To me, this change in direction altered the feel of the trilogy, an issue already in play thanks to the drastic change of setting.  Unlike her peer in young adult literature, Beth Revis does not face this change with the grace of Suzanne Collins.  I know that many readers dislike the final book of The Hunger Games series, Mockingjay, because of its tone.  I would argue that, in that case, Collins is making an artistic decision by stripping Katniss of all those who love her, therefore leaving her unlovable to even the reader.  Revis just does not seem to be thinking that deeply about her writing choices.

Instead of working together within the walls of Godspeed, Amy and Elder are largely separate as they face new challenges on Centauri-Earth.  They do experience new physical intimacies, but they no longer feel like the team they were aboard ship.  There, if felt like they were working together.  Here, even when they are hunting down answers about the monsters they face, they feel isolated from one another.  Not even their tearful reunion at the end of the book felt as satisfying as it should have.  Instead, it felt like a teenage boyfriend and girlfriend coming back together after they were apart on vacation for a week.  It should have felt like a romantic culmination of two lovers overcoming all odds to be together.  The plot to support such a moment was there (sort of), but the emotion and character development simply was not.

Ultimately, my complaints for Revis are the same ones I had for her with A Million Suns, only now they are beyond repair by flashy plot twists.  Her characters simply do not have the depth required of them to uphold her story.  The plot relies on clichés of both science fiction and adventure stories, rather than engaging that originality I saw in Across the Universe.  The whole thing feels like it has been taken a few steps too far.  No one actually wants to know if Cinderella and her Prince live happily ever after; hearing about their marital squabbles would ruin the magic.  And despite complaints from many fans, I think Damon Lindelof and Carlton Cuse made the right call by leaving questions unanswered in the finale of LOST.  Star Wars fans face future movies with trepidation.  Despite what Paul Harvey says, we do not always want to know the rest of the story.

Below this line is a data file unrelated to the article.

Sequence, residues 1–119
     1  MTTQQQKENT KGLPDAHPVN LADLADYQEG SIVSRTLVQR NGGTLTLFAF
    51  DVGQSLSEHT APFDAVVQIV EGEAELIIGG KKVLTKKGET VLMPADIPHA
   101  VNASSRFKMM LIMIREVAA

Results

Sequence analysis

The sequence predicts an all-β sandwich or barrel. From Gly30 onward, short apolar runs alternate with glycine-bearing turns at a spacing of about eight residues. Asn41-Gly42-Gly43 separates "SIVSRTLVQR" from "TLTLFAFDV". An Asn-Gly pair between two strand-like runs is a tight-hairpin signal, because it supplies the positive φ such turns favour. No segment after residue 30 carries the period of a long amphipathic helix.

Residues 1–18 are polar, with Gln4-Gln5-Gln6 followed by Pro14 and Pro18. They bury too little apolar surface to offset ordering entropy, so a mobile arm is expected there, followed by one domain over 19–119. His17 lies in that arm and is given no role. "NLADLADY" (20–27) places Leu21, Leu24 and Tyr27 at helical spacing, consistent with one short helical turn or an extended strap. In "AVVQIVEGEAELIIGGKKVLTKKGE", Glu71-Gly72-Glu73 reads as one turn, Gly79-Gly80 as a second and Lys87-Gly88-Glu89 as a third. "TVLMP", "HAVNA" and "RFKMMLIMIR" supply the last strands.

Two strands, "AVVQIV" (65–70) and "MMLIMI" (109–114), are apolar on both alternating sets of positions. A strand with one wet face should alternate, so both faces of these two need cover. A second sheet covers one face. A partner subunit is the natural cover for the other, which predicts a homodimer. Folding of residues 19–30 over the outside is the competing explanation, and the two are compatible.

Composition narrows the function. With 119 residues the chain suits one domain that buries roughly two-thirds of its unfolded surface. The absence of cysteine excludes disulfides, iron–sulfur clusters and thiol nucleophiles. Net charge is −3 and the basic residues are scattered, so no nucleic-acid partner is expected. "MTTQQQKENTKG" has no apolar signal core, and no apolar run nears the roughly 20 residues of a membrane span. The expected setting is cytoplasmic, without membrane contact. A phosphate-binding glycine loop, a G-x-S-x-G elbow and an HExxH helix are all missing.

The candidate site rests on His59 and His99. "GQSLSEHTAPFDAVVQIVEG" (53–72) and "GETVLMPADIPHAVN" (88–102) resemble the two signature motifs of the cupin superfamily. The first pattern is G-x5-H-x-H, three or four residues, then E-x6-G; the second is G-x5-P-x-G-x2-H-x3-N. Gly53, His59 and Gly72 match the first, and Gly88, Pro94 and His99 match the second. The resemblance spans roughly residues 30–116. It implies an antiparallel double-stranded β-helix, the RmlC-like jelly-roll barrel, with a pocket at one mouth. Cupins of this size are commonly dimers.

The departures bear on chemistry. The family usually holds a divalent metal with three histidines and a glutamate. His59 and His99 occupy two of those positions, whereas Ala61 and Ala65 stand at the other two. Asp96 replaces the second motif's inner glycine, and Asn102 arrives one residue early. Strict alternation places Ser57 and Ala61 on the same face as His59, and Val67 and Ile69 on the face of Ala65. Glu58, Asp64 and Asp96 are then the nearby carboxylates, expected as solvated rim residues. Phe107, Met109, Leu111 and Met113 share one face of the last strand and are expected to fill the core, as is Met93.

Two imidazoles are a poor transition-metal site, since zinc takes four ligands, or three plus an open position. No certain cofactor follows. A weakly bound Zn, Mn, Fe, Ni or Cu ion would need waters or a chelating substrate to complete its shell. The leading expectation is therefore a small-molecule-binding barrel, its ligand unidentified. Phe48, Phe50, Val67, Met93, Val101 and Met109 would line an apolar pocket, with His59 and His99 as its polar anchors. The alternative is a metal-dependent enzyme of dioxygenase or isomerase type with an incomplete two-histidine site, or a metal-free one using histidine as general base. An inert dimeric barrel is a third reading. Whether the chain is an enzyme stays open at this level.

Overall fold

I was sad to see this series end this way; it started out so well.  Or, maybe I was a less astute reader back then, before I started this blog.  Either way, Shades of Earth left me wanting on so many levels.  It shocked me to see that it has a 4.22/5 overall rating on Goodreads.  I guess most readers Revis is attracting are not looking for anything deep.  They only want a quick adventure.  But can't we have adventure and a well-written book?  Case in point: Wool.  It handily delivers both.  Go read that instead.

Do you think changing a protagonists motivations mid-story is a good idea or a bad one?  Have you ever seen that tactic end well?  Have you ever been disappointed in how a series ended?  Which series are not worth finishing?  Warn the rest of us!  

Pages: 369
Date Completed: June 16, 2013